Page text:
# Day 128

## Early Attempts at Generating an Electric Current

• Michael Faraday tried to generate an electric current from a magnetic field, on the heels of Oersted’s discovery that an electric current produced a magnetic field.
• Joseph Henry was simultaneously experimenting and generating similar results.

• A primary coil was wrapped around an iron ring; a battery supplied the current and a switch was in the circuit.
• A secondary coil was wrapped on the other side of the iron ring and was attached to a galvanometer.

• When the switch is closed (primary coil), a momentary deflection is seen on the galvanometer attached to the secondary coil.
• When the switch is opened, a momentary deflection is seen in the galvanometer in the opposite direction.
• When there is a steady current in the primary circuit, the galvanometer reads zero.

• An electric current can be produced by a changing magnetic field; therefore, an induced emf (voltage) is produced in the secondary circuit by the changing magnetic field.

## Magnetic Flux

• The emf produced by the changing magnetic field is actually induced by a change in the magnetic flux Magnetic flux – the product of the cross sectional area of the wire loop and the strength of the magnetic field perpendicular to the wire loop – designated by the Greek letter Φ.

## Magnetic Flux Equation

Φ = BA cos θ

• Unit of flux is the Weber (Wb)
• B (magnetic field) is in Teslas (Wb/  )
• A (area of wire) is in  • If B is  to the wire loop, Θ =  , Φ is maximum
• If B is || to the wire loop, Θ = 90°, Φ is zero

## Magnetic Flux Hints

• θ is the angle between the magnetic field and the normal (  ) to the loop.
• The value of Φ is proportional to the number of magnetic field lines passing through the loop.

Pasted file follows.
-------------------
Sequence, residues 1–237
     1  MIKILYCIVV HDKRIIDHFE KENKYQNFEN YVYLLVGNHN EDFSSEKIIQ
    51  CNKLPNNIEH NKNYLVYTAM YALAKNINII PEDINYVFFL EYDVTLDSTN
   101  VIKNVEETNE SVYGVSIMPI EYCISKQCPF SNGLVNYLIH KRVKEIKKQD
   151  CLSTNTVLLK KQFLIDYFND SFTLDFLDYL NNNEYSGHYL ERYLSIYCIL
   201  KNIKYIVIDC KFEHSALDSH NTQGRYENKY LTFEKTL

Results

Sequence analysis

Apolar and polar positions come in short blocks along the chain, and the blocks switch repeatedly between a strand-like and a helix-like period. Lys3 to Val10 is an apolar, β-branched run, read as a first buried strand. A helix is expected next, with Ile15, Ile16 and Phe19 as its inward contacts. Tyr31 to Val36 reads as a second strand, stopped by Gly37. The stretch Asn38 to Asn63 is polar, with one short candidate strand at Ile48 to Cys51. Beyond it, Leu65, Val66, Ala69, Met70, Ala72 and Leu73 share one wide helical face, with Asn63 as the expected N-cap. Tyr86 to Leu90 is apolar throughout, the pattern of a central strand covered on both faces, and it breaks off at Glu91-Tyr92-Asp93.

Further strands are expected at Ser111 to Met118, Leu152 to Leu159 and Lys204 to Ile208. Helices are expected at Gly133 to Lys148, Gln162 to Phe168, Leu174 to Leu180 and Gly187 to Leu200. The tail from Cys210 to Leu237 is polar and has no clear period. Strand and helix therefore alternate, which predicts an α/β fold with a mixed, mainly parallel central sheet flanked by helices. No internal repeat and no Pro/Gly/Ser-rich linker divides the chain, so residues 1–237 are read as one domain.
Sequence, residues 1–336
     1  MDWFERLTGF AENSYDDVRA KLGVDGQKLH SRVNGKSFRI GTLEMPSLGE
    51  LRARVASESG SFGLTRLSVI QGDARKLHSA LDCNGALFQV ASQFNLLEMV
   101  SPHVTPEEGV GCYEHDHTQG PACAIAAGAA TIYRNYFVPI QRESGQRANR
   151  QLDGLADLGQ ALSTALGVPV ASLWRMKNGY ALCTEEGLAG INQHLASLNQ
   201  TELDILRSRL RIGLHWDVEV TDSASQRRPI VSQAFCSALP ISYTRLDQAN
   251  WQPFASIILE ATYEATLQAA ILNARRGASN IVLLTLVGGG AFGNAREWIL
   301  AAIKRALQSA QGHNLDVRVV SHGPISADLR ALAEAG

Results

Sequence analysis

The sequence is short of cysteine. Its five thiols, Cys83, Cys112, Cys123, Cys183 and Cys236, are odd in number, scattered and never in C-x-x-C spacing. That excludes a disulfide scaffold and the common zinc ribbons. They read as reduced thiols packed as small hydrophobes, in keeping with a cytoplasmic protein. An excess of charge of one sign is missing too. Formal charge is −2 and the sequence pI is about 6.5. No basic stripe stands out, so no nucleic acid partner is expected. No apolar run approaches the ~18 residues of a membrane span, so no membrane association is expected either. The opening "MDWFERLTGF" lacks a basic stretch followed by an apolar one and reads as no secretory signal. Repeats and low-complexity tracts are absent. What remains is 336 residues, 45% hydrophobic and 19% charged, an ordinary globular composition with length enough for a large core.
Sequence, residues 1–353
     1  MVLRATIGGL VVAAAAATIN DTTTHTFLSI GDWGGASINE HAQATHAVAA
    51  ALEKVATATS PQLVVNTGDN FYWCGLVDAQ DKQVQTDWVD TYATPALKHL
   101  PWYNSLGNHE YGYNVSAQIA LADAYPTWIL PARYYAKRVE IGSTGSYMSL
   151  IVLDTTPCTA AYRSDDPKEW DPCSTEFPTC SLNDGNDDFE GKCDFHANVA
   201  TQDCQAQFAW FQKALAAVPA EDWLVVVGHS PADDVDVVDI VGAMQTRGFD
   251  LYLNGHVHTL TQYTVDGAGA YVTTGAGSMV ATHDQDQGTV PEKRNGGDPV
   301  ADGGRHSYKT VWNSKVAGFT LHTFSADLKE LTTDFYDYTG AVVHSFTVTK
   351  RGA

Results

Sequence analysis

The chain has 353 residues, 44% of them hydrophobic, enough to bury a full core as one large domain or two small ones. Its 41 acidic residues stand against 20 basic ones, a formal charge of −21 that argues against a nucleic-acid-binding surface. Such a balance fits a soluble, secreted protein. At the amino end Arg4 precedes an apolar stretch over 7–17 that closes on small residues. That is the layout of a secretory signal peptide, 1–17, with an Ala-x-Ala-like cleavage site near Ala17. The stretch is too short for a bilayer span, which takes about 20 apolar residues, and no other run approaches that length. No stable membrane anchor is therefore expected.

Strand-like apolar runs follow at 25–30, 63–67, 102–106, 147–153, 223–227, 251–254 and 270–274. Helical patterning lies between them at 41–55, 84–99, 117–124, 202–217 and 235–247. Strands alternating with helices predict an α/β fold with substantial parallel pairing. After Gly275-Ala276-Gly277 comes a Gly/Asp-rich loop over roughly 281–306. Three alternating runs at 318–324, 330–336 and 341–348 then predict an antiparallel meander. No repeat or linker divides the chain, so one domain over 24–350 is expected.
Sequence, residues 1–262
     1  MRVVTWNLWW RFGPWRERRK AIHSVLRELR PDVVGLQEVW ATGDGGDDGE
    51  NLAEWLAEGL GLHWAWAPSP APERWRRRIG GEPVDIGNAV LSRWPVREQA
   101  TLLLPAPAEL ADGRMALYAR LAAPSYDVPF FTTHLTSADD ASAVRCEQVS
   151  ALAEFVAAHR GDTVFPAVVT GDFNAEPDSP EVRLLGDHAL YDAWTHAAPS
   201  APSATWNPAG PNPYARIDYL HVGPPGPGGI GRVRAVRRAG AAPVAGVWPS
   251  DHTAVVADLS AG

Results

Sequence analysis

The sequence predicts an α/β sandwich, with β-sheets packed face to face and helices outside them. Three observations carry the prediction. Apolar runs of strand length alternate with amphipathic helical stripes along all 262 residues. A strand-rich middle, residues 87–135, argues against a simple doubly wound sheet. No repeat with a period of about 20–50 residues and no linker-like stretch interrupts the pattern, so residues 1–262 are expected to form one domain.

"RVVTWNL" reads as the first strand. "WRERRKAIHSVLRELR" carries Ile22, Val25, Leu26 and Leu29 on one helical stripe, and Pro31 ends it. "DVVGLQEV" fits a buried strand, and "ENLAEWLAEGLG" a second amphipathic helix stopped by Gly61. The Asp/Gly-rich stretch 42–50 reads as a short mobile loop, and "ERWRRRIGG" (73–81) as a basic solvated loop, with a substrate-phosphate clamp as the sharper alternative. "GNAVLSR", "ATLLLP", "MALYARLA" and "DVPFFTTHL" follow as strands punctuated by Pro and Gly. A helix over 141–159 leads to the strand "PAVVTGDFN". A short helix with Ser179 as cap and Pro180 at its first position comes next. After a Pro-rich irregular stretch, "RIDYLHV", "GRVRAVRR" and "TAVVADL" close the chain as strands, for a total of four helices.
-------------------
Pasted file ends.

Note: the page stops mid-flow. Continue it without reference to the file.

• The more lines that pass through (cut through) the loop when it is  to the magnetic field, the greater the flux!

## Faraday’s Law of Magnetic Induction (Conceptual)

• A current is set up in a circuit as long as there is relative motion between the magnet and the loop.
• The instantaneous emf induced in a circuit = the rate of change of magnetic flux through the circuit.

## Faraday’s Law of Magnetic Induction (Equation)

ε= -N (ΔΦ/Δt)

ε is the induced emf in Volts

• N is the # of loops in the circuit
• ΔΦ is the change in mag flux (  –  ), in Wb
• Δt is the change in time, in sec
• (-) is the polarity of the induced emf

## Try This to Simulate Flux

• If you place a loop of masking tape and a pencil at right angles (  ) to each other, this simulates an angle of 0° with the normal and therefore max flux.
• If you turn the pencil so that it is || to the tape, it cannot cut through the loop, the angle between the normal to the loop and the pencil is 90° = min flux.

## Lenz’s Law

• States that the polarity (sign) of the induced emf is such that it produces a current whose magnetic field opposes the change in magnetic flux through the loop.
• “GFI” – ground fault indicator – is a good example of an application of Lenz’s Law

## Generators

• The principle of electromagnetic induction is the basis for a generator. Generators converts mechanical to electrical energy.
• Rotating a loop of wire on an axle in a magnetic field generates a current in the loop.

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